Patrick Murphy builds on earlier suggestions that the unnamed enemy of ore is Tubalcain, the biblical grandson of Cain (as in Adam and Eve’s son of the Cain-vs-Abel fame) (page 142). Tubalcain is strongly associated with metalworking and was reputed to be the first smith because of a brief reference in Genesis 4.22.  Murphy then goes on to suggest that Riddle 83 conflates Tubalcain with Cain himself: “the two figures are linked in their signature innovations: Cain invents murder, and Tubalcain invents weapons for more efficient murder” (page 146). Hence the bit about brothers. And hence all that hostility.

449px-Formella_06,_tubailkan,_andrea_pisano,_1334-1336
Here’s a nice 14th-century wood cut of Tubalcain at work. Photo (by Sailko) from Wikimedia Commons (licence: CC BY 2.5)

Tracing Riddle 83’s obsession with fromcynn (lineage) and old age (as in the word frod) back to the Old Testament creates a tidy sense of history within the riddle (Murphy, page 149). Thomas Klein argues that this riddle carries not only a sense of history, but also metaphorical echoes of a fallen angel – perhaps even Lucifer himself. There is ore’s (or specifically gold’s to Klein ) ancient lineage, its removal from his homeland, all that fire, and its ability to place people in bonds despite being captive itself (Klein, page 12).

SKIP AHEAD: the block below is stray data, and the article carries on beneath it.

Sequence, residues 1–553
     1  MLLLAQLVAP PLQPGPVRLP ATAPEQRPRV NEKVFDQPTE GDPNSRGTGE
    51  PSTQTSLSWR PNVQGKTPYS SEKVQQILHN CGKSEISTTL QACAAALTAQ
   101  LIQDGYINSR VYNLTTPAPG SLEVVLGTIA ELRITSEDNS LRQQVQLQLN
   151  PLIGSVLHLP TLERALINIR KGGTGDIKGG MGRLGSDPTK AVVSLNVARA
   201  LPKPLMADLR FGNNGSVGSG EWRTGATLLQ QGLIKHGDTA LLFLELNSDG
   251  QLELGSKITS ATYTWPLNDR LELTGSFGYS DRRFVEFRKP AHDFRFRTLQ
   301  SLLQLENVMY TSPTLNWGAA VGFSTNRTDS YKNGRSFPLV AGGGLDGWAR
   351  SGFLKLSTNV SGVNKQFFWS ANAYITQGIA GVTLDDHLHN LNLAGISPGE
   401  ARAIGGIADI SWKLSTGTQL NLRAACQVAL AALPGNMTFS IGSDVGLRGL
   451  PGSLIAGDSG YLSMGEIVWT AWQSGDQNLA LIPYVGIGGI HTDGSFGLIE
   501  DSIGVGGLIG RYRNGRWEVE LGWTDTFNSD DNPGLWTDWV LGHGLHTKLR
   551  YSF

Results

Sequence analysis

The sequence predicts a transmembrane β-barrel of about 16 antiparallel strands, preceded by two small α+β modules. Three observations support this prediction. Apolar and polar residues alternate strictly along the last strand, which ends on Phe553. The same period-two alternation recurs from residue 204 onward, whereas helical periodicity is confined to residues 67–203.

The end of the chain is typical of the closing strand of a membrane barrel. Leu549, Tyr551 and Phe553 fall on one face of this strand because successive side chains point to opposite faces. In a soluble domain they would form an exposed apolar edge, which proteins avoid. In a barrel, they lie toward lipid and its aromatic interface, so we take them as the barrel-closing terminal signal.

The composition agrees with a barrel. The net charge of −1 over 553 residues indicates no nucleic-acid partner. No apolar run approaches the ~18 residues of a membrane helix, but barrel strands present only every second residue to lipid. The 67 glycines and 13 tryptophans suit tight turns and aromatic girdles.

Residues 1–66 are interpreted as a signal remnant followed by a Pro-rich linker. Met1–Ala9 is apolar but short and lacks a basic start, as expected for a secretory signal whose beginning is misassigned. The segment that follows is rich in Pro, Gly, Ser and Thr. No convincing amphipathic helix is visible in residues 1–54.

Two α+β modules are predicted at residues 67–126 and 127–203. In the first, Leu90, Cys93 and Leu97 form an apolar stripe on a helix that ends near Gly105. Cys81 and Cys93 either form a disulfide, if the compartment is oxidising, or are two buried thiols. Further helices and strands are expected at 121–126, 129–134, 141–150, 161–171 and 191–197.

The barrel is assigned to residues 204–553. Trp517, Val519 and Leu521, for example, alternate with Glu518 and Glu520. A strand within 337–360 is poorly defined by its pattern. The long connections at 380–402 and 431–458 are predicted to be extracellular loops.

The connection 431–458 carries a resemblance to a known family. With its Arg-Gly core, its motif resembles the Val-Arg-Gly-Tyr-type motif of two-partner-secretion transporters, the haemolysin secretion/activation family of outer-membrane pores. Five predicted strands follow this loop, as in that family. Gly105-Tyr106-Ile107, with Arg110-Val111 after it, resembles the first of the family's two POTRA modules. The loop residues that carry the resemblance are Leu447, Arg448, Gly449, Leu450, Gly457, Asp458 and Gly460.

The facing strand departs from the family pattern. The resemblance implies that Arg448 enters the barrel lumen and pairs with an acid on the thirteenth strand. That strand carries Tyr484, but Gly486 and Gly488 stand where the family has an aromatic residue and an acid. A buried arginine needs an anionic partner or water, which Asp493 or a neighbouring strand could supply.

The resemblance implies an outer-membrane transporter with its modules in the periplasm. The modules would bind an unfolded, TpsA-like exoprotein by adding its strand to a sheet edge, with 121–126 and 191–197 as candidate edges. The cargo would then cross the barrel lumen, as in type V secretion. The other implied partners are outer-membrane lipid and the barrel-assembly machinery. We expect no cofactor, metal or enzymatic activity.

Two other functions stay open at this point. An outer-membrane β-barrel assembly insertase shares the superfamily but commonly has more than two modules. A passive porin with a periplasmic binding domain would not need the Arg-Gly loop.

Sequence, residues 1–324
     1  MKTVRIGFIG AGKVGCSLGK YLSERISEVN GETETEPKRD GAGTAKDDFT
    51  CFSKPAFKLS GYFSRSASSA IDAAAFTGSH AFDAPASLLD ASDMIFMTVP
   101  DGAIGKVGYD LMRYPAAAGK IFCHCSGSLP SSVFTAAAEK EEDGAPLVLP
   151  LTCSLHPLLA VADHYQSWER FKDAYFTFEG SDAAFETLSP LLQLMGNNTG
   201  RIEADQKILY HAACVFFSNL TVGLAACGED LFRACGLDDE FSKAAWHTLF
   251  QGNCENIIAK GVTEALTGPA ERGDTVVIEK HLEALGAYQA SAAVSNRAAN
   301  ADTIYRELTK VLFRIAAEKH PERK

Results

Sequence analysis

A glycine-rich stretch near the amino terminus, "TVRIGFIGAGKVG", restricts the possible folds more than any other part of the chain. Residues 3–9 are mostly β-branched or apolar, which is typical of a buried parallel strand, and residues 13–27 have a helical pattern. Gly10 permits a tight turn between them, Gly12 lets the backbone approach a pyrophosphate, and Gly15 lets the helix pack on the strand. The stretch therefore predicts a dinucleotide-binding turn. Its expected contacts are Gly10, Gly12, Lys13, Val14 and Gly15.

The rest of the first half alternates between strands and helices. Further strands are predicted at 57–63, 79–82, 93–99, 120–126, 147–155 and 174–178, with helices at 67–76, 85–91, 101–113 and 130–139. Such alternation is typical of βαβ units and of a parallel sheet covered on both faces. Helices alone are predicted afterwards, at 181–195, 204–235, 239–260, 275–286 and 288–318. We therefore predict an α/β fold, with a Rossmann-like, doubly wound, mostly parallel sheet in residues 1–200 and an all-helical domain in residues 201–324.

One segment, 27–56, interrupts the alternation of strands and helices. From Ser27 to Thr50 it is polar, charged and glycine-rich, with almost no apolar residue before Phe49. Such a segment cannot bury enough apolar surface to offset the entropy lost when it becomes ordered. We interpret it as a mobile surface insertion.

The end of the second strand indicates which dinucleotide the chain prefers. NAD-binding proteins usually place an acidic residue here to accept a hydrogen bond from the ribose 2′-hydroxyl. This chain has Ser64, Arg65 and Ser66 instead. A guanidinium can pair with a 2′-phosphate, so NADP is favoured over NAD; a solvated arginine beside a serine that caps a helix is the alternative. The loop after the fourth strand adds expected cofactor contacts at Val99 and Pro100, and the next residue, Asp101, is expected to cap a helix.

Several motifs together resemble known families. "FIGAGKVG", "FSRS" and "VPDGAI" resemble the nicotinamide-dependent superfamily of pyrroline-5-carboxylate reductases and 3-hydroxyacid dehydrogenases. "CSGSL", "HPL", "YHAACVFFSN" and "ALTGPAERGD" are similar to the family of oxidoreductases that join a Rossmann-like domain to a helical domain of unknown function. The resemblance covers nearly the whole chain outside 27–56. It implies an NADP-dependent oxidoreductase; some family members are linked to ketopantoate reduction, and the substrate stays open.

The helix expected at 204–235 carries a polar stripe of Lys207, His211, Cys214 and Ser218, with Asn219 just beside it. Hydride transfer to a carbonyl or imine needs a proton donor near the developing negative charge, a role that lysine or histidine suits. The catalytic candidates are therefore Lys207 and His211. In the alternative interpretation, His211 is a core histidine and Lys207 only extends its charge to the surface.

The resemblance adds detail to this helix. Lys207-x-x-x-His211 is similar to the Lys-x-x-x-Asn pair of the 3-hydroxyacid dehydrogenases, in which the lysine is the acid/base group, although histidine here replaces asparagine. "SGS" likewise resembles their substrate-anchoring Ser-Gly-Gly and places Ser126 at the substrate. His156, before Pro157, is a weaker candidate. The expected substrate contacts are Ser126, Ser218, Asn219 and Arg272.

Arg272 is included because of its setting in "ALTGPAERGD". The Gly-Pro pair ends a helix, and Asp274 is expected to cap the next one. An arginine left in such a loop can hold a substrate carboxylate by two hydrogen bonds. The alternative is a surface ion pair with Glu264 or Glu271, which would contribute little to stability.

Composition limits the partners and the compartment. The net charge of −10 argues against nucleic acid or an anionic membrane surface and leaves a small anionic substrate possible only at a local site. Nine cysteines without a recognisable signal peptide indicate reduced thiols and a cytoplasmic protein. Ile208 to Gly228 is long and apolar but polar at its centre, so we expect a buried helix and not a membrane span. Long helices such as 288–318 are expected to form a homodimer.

380px-Paradise_Lost_1.jpg
The war in heaven imagined by Gustave Doré for John Milton’s Paradise Lost. Image from Wikimedia Commons (public domain)

So, gold is the devil then. And never forget: it owns you as much as you own it.

Righto, I’m going to leave you there to ponder your own relationship with treasure now. I’m not saying I agree with Riddle 83 in its gold-shaming, but then…I am a millennial, and we apparently have it in for the diamond industry. Why stop there, amirite?

Notes:

References and Suggested Reading

Dale, Corinne. The Natural World in the Exeter Book Riddles. Cambridge: D. S. Brewer, 2017, esp. pages 123-44.

Klein, Thomas. “The Metaphorical Cloak of Exeter Riddle 83, “Ore/Gold/Metal”,” American Notes and Queries, volume 28, issue 1 (2015), pages 11-14.

Leary, T. J., ed. Symphosius: The Aenigmata: An Introduction, Text and Commentary. London: Bloomsbury, 2014.